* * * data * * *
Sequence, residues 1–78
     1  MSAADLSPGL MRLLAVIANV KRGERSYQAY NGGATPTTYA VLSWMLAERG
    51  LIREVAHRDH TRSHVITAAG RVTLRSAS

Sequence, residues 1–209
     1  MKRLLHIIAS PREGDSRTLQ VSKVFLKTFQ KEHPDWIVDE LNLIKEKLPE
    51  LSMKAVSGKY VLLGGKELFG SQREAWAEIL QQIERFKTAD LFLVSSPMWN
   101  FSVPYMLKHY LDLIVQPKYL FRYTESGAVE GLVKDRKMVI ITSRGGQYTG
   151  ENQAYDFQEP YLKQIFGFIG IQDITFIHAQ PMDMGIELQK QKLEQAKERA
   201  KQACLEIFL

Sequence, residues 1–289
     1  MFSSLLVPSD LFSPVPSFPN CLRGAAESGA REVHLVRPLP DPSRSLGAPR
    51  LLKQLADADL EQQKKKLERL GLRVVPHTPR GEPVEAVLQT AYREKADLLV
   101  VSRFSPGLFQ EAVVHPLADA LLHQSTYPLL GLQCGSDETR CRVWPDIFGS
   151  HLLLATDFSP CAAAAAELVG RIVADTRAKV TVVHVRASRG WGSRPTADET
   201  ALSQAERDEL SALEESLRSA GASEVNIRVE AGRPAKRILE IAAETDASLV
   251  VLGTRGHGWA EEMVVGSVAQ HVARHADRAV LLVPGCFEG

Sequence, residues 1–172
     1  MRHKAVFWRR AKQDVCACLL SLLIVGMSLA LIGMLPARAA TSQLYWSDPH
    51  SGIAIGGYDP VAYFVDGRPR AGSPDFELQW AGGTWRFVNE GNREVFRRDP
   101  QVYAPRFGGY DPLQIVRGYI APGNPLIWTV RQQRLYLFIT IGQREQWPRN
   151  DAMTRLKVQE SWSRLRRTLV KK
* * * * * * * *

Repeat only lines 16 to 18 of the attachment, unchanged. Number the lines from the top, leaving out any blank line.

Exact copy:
   251  VLGTRGHGWA EEMVVGSVAQ HVARHADRAV LLVPGCFEG

Sequence, residues 1–172
     1  MRHKAVFWRR AKQDVCACLL SLLIVGMSLA LIGMLPARAA TSQLYWSDPH